There aren't enough independent thinkers in the charity sector, which is one reason why Sir Stuart Etherington, chief executive of the National Council for Voluntary Organisations, stands out. And he's been at it again of late, publishing a pamphlet, Voluntary Action: A Way Forward - a what-it-says-on-the-tin sort of title - and giving a lecture on the same subject at the Centre for Charity Effectiveness at Cass Business School. Both, it should be said, were done in his personal capacity, which is often the way with blue-skies thinking. It sits unhappily within corporate governance structures.
Some of the ideas he suggested will sound familiar - employers being encouraged to give employees time off work to become trustees, for example. I've just joined a new board that has its meetings on weekday afternoons, which is fine if you have a flexible freelance job - or portfolio career, as I am told I must now call it - but tricky if every three months you have either to eat into your precious annual holiday allowance by taking half a day off to attend, or beg a favour from your boss.
However, the bobby dazzler among Sir Stuart's portfolio of proposals in the pamphlet is that we need a new regulator for not-for-profit organisations. Not only would this potentially be cheaper than the existing Charity Commission set-up, he argued, but it would also chop a way through that tangled thicket of different rules and regulations that apply at the moment to the variety of bodies in the sector: community associations, foundations, trusts, charities and social enterprises. It can be costly to navigate your way through all of them because only a lawyer has the necessary compass.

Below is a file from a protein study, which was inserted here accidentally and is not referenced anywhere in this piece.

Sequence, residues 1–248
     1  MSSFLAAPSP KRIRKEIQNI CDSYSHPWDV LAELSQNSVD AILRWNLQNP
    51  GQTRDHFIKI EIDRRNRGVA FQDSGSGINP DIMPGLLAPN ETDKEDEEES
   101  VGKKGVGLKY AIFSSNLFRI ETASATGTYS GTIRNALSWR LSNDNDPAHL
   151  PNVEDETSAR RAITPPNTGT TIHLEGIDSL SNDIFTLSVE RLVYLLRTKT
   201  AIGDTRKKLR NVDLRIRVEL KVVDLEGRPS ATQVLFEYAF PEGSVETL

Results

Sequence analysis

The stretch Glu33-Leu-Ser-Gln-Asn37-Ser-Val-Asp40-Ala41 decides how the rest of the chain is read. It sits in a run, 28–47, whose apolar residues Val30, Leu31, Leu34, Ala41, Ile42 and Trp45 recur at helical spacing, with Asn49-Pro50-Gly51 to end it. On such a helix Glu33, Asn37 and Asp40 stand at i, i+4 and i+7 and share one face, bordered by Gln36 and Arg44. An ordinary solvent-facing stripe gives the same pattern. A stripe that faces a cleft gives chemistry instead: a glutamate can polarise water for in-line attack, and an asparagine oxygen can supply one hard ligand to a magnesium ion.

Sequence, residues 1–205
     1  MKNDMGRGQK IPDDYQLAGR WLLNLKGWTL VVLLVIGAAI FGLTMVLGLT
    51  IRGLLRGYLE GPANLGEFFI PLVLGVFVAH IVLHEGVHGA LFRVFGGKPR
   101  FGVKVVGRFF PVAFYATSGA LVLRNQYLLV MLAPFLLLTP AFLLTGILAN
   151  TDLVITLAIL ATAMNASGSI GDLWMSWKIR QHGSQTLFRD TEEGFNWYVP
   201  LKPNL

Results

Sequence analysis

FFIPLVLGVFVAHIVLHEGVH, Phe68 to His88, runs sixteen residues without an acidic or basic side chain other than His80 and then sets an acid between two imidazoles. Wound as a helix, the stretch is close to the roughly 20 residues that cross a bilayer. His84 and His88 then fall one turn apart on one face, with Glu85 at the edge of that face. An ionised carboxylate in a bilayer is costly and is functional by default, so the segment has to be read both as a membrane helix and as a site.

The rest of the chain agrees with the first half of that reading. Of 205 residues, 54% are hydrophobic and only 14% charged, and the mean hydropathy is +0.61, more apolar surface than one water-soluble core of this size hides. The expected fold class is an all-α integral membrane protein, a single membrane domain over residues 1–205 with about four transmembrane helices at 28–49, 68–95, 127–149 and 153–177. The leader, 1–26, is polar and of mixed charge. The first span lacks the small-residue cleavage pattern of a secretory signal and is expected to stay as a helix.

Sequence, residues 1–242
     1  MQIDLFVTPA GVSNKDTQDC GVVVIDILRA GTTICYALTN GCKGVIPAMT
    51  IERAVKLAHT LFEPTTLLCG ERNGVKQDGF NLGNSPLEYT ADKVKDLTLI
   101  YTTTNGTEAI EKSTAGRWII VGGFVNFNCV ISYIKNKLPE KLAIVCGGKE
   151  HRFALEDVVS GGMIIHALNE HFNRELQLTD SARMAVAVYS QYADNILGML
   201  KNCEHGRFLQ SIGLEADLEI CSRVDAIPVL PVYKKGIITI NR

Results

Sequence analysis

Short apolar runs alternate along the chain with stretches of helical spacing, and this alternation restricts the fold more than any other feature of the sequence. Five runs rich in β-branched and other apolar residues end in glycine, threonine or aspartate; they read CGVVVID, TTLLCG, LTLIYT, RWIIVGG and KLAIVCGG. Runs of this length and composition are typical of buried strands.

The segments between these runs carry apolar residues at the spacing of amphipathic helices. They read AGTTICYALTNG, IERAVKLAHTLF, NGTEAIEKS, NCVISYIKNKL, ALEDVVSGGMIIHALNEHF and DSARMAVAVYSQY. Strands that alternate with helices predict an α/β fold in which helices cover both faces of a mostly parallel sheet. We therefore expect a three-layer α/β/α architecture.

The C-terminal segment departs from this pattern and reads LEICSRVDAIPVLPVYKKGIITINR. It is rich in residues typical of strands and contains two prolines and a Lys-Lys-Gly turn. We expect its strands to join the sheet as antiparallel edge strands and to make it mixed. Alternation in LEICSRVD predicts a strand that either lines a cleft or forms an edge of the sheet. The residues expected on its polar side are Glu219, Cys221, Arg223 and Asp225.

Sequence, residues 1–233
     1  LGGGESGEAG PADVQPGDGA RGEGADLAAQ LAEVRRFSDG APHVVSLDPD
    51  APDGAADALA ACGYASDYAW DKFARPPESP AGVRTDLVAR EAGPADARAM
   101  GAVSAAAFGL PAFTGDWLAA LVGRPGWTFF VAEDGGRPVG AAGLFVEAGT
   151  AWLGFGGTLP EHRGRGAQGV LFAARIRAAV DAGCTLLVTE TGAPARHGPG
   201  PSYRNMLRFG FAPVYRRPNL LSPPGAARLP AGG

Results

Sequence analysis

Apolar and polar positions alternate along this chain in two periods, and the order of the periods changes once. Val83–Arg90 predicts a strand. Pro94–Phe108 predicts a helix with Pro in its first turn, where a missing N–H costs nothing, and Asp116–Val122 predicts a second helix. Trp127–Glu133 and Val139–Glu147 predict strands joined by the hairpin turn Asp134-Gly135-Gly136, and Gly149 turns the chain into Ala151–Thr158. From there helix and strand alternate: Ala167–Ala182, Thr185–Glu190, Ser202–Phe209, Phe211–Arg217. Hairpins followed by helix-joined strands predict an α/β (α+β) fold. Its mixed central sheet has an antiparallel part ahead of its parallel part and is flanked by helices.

He might have added that the Charity Commission has, of late, had a bit of a habit of appearing to recruit too many political stooges to its governing board, but he is clearly a kinder man than me.
What I like about the proposal is that it is geared towards meeting the challenges of a changing world. Looking for an example in the private sector, until the late 1960s we had one provider of telephone services in the form of the General Post Office. Now we have as many providers as there are phones, so a new, flexible regulator has been introduced.
And the same could apply to the third sector. It all used to be monotone, so a single commission sufficed. Now it is multi-coloured and multi-faceted, and the old-style commission can't quite keep up with the pace.
But there was a bigger point Sir Stuart was making that tied his whole package of reforms together: the need for what he calls "a renaissance of personal responsibility".
It is easy enough to identify where we are going wrong as a society - with fast- rising levels of poverty, child deprivation, homelessness and inequality - but the traditional solution of looking to central government to lead us all in tackling every problem is increasingly threadbare, with Brexit currently Whitehall's almost exclusive focus.
This is surely the time to make it easier than ever before for worried citizens, individually and collectively, to step forward and step up, but at present it can feel for many like too big an ask, too much red tape, too much cost to get started and too much paperwork once you do.
The system of regulation needs an overhaul to unleash the potential that is undoubtedly out there. If that means a new regulator, bring it on.
Peter Stanford is a writer and broadcaster, and was a charity chair for more than 20 years